If you need something fairly basic, then Google Sheets is a perfect online tool to make use of. It also comes in an app form for money management on the go. It’s also free, making it the perfect tool for freelancers who are on a budget.
If you’re looking for something a little more advanced, then Quickbooks is a great option. The platform offers more than just management of your money but it can also help with invoicing and expenses.
It’s always worth having savings so that you can lean back on these when you have the odd month that’s not so financially positive.
2. Create an online presence
When becoming a freelancer, success doesn’t come overnight. It can take a while to build up a regular client list. It’s always good to create an online presence if you’ve not got one already.
As a freelancer, you may want to start by creating a website or a place to display your portfolio of work. You also want to put yourself on various platforms that are going to help you secure more work. For example, LinkedIn is a great place to network and to show that you’re available for work.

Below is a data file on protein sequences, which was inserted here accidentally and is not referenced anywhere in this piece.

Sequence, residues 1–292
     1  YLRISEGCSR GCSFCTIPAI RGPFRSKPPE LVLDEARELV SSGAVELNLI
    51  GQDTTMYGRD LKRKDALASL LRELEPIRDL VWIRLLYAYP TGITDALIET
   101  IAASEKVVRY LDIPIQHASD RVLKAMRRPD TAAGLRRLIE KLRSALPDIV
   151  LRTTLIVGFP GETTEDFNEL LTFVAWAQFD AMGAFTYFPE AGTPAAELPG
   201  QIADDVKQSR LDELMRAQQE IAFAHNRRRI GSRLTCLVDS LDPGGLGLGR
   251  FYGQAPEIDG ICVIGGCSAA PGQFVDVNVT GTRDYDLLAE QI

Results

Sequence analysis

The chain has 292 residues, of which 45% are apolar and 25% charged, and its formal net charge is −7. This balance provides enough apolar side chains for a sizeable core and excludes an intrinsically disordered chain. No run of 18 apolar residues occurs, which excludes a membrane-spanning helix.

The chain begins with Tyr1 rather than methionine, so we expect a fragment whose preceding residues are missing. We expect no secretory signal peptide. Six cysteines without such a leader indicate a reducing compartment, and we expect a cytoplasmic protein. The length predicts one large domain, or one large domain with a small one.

Social media platforms like Facebook, Instagram and Twitter are good places to find work too, so it’s worth establishing profiles on these too.
3. Have knowledge of contracts and rates of pay.
Having knowledge of certain processes is beneficial for your freelance career. For example, you may be responsible for drafting up contracts on behalf of clients. Not every client may be able to create contracts and so sometimes the responsibility may land on you.
Contracts are important because they ensure fairness between both parties and to protect you from anything untoward happening as a result of no contract in place. So whether it’s a modeling management contract or a contract to be a wedding photographer, having knowledge of contracts can be good to have.
Rates of pay are also something to consider as most freelancers will often go off what other freelancers would typically charge. However, it can vary from industry to industry so it’s good to price up your services before selling them. You should always charge your worth and what you believe is the right amount for your skills and experience.